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Children in Poverty

Volume 473: debated on Monday 17 March 2008

6. What recent discussions he has had with the Secretary of State for Work and Pensions on the proportion of (a) disabled and (b) non-disabled children living in poverty. (194068)

I have had several discussions recently with the Secretary of State for Work and Pensions on a number of aspects related to child poverty, including poverty rates for disabled children. The Government are committed to our child poverty targets and improving the life chances of all children. In addition, over the next three years, a total of £340 million has been set aside by my Department specifically to improve the lives of disabled children and their families.

The Minister will know that the Opposition share the Government’s aspiration to eliminate child poverty by 2020, although I note that the Secretary of State for Work and Pensions conceded only recently that the Government were unlikely to hit their target of halving it by 2010. Some 55 per cent. of families in the UK with disabled children are living in poverty. To return to part of the announcement that the Minister has just made, will she update the House on what progress has been made in improving access to child care for families with disabled children, so that they are more able to access work?

There are many reasons why the Government want to support families with disabled children. It is true that in some of those families the children are in poverty, but if the hon. Gentleman had read the excellent document that we produced last week, “Ending child poverty: everybody’s business”, he would have seen that it is not actually the presence of a disabled child that increases a family’s risk of poverty; it is the presence of a disabled adult that significantly increases that risk.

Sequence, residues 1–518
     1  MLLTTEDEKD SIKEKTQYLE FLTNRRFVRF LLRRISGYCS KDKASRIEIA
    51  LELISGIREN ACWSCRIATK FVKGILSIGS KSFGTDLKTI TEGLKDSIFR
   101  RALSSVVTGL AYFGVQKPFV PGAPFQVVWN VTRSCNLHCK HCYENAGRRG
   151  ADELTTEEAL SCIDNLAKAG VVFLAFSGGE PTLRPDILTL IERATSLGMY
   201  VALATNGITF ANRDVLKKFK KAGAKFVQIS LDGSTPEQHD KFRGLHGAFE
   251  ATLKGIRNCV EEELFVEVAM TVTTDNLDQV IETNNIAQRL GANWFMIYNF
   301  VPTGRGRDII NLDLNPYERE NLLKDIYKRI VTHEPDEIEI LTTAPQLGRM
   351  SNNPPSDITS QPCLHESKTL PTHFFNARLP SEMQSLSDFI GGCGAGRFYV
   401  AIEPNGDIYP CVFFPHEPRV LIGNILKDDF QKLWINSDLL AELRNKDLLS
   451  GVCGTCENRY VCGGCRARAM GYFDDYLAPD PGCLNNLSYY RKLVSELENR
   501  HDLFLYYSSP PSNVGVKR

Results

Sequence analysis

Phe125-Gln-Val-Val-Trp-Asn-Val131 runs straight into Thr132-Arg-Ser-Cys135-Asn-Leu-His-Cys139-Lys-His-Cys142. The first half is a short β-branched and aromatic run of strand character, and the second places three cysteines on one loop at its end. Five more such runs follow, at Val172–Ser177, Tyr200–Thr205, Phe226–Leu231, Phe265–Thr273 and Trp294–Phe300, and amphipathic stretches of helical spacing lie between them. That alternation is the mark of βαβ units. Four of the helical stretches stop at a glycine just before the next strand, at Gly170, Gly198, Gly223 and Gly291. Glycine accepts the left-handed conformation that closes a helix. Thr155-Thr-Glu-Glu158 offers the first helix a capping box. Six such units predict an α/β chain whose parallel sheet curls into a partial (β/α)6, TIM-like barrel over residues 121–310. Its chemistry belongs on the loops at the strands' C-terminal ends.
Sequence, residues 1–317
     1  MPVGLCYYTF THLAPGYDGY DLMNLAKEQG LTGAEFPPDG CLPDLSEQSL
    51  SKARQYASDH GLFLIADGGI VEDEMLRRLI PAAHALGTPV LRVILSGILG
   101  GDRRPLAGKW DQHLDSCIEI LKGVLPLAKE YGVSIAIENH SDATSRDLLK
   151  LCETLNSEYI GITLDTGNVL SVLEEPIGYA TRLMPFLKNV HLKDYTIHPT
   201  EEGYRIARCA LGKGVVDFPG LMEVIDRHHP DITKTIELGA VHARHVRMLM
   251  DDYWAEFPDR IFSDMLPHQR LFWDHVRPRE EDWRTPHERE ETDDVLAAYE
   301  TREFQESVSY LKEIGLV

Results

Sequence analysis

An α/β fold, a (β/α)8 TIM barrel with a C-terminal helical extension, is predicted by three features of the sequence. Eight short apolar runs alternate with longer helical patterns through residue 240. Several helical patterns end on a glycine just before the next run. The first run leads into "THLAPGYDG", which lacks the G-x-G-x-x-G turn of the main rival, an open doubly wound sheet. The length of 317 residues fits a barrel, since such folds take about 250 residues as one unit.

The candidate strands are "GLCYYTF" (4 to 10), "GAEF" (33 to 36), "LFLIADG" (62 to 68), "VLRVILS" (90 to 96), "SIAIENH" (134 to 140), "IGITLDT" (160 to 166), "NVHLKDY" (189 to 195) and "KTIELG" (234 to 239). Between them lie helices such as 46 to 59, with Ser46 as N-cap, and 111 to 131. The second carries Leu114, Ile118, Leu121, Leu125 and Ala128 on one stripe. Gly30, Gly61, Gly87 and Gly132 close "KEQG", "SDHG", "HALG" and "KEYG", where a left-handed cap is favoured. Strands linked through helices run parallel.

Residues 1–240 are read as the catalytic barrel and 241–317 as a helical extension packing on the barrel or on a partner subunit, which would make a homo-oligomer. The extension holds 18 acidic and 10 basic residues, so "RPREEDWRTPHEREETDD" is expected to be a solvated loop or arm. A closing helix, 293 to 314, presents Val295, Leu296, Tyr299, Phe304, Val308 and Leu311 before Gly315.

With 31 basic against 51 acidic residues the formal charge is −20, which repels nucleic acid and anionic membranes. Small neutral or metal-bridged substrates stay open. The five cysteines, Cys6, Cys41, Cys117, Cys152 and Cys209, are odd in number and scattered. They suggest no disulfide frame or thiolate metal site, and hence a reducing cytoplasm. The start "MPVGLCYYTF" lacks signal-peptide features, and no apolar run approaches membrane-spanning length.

The Government want to halve child poverty by 2010 and eradicate it by 2020, and we remain absolutely committed to that. We have already reduced absolute poverty by half and we will continue to move children out of poverty through the Budget—unlike the previous Government, who were responsible for more than doubling the rates of child poverty. They made Britain the worst place for child poverty and reversed the upward trend in social mobility. We are reversing that legacy.

The right hon. Lady’s boss, the Secretary of State, has made a considerable personal investment in the plight of disabled children, but last year the number of children living in poverty after housing costs were taken into account rose by 200,000. We now have a higher proportion of children being brought up in workless households than any European country, and they stay in poverty for longer. Given the disproportionate effect on disabled children, who are twice as likely to live in poverty and twice as likely to leave school with no qualifications compared with their peers, thus reinforcing the cycle of generational underachievement, is not the Minister embarrassed by the Government’s lack of a truly joined-up approach to disabled children and poverty involving employment, education, transport, health and housing—or is this just another case of so what?

The hon. Gentleman cannot have read the document that we produced last week or have considered the measures in the Budget. Those measures—increasing the rate of child benefit, changes to the child tax credit, and disregarding child benefit—will lift a further 300,000 children out of poverty, and taken with last year’s Budget that is another 500,000. We are committed to reversing the disastrous and atrocious legacy that the Conservatives left children in this country. They said that unemployment was a price worth paying, and they cannot be trusted on the family. They say one thing, but when they have the chance they do—